(Let the Pacific Be) 

WRITER: John Donoghue
RECORDING ARTIST: Timberjack Donoghue
LABEL: Ode Records (ODE 575A)


The third Timberjack Donoghue single "Requiem for County Gaul" was written, recorded and released in 1974 during the waves of political protest sweeping throughout New Zealand against the testing of nuclear weapons in the South Pacific.

The above photo is one of the 41 nuclear "tests" conducted by France in the South Pacific.
This particular one took place at Mururoa Atoll on 3rd July, 1970 and yielded 914 kilotons of radioactive poison into our planet's atmosphere.

Requiem for County Gaul was the first New Zealand recording to protest nuclear testing in the Pacific and its official release was timed to coincide with the New Zealand Peace Squadren's arrival at Mururoa Atoll in 1974.



Vocals, Guitars and Mandolins: John Donoghue. 

Backing Vocals: The Yandall Sisters. 

Fluglehorn: Julian Lee. 

Bass Guitar: Kevin Findlater.  

Drums. Danny Shaw.  


Engineers: Micheal Grafton-Green: Tony Moan. 

Producer: Terence O'Neil-Joyce.

Recorded at EMI Studios, Wellington and Stebbing Studios, Auckland. 



Let the Pacific Be 

A thrilling memory that will remain with me forever is that of the three Yandall sisters, Mary, Adele and Pauline, gathered around a single microphone at Stebbing Studios, and with three fists raised in the air, passionately belting out "Let the Pacific be.." at the tops of their voices.
The session was charged with magic.
Producer Terence O'Neil-Joyce had recruited Kiwi super-musician Julian Lee as Musical Director and Julian's contributions were to lift "Requiem for County Gaul" into something far more majestic than a simple protest song.

The Rhythm tracks for "County Gaul" were laid down at EMI studios Wellington, when Bulldog's Allstar Goodtime Band were passing through that town on tour.
By using Bulldog's gigfit Rhythm Section- Kevin Findlater on Bass and Danny Shaw on Drums, we were able to knock the first session out in one hour.
EMI still only had a four track recorder, so Producer Terence O'Neil-Joyce took the multitrack mastertape to Auckland and laid the tracks into the eight track recorder at Stebbing Studio in Ponsonby.
A week later I travelled up from Hamilton to complete the overdubs and to meet Julian Lee, who Terence had booked for the session and also Phil Yule, Stebbing's brilliant in-house recording engineer.
For my part I brought in Auckland's legendary vocal group, the Yandall Sisters, with whom I had toured and become friends with.
So, thanks to "Requiem for County Gaul," the template was set, and this would be the same team, along with the Wellington band "Redeye," that would produce the second "Timberjack Donoghue" album.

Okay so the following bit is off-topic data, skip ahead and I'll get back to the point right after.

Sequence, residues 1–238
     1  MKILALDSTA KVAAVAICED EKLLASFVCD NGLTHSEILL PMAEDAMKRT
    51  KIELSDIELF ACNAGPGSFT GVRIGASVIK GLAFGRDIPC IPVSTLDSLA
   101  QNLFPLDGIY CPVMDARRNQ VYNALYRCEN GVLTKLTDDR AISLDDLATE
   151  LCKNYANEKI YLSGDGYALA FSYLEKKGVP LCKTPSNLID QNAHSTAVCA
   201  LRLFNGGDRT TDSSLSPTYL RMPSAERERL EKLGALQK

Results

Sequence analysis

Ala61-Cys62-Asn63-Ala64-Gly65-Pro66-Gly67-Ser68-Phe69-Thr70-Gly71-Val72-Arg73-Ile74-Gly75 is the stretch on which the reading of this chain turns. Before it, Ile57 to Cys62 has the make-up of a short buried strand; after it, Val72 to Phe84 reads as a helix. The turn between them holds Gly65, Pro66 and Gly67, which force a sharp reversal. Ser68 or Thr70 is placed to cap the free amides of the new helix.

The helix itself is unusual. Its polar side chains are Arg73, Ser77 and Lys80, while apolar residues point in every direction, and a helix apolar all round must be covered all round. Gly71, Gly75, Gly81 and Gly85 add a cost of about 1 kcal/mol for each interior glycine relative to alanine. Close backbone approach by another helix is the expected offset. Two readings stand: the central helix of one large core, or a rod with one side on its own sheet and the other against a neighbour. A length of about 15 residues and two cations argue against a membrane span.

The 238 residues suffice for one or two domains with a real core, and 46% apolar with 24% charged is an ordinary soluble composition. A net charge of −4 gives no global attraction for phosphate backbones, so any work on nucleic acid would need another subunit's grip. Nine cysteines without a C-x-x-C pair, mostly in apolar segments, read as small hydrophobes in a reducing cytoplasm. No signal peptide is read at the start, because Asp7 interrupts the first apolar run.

"Requiem for County Gaul" the composition, references two musical motifs, Schubert's "Marche Militaire," and Tchaikovsky's "1812 Overture."
Your mission is to figure out why..

Just as "Dahli Mohammad" the single, had led to the first Timberjack Donoghue album, "Requiem for County Gaul" the single, was to give birth to the second Timberjack Donoghue Album.
(see Discography/second album/the recording sessions) 


(Words & Music by John Donoghue)


Hey County Gaul I see your revolution's died,
and that your pitchforks have gone out of style.
your new toy is a gas
fills the air with poison tacks

Hey County Gaul I'm a witness to you crimes
and like your Uncle Sam you will pay for them in time
so you chose the race you want to run
the nuclear, instead of human one.

I'd like to sit here and think well of you
but I see by your actions what you intend to do
you can't take mother nature and spit in her face
without being damned
I think you're damned.

Hey County Gaul you must be deaf and dumb and blind
to think that god will stand aside for you and your kind
you should let the pacific be
yours is a crime against humanity.

By strengthening your body you are weakening your mind,
don't you realise your children have to pay for your crimes
how can you be so selfish
how can you be so sure
you're not damned
I think you're damned.



(Wellington Evening Post - 1974)


Talented New Zealand Singer/Songwriter John Donoghue prefers to stay in the background most of the time, but when he has something to say, it's always well worth saying.
John's next single, "Requiem for County Gaul," soon to be released, has an anti-bomb message with touches of Tchaikovsky's 1812 and Schubert's Marche Militaire.

The single, full of mandolins, oddly tuned guitars, flugelhorns and south sea maidens, was recorded at EMI studios in Wellington and Stebbing Studios in Auckland.
It was engineered by Tony Moan and Phil Yule, produced by Terence O'Neil-Joyce.
Rumour has it that the blind gentleman with golden ears who was profiled on this very page last week, was also in the studio, acting as Musical Director.

Preview by Louise Warren 


The forgotten people's war to stop nuclear weapons being exploded in the Pacific



"Requiem for County Gaul" is available on Spotify etc

To continue onto the next Ode Single, click here
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